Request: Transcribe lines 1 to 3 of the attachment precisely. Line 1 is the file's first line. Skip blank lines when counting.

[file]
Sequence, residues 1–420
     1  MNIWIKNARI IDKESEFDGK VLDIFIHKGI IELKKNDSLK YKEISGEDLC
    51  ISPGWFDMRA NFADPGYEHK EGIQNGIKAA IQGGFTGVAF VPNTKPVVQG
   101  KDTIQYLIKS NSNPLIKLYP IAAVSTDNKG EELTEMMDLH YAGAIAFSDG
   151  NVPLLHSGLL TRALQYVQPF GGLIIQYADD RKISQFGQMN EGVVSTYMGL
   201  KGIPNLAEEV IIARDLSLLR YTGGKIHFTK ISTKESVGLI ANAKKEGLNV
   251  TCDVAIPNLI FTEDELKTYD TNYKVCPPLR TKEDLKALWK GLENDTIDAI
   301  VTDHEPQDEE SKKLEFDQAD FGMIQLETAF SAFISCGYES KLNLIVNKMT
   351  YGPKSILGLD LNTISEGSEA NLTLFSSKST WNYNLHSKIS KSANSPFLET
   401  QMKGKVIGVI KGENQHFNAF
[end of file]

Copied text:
Sequence, residues 1–420
     1  MNIWIKNARI IDKESEFDGK VLDIFIHKGI IELKKNDSLK YKEISGEDLC
    51  ISPGWFDMRA NFADPGYEHK EGIQNGIKAA IQGGFTGVAF VPNTKPVVQG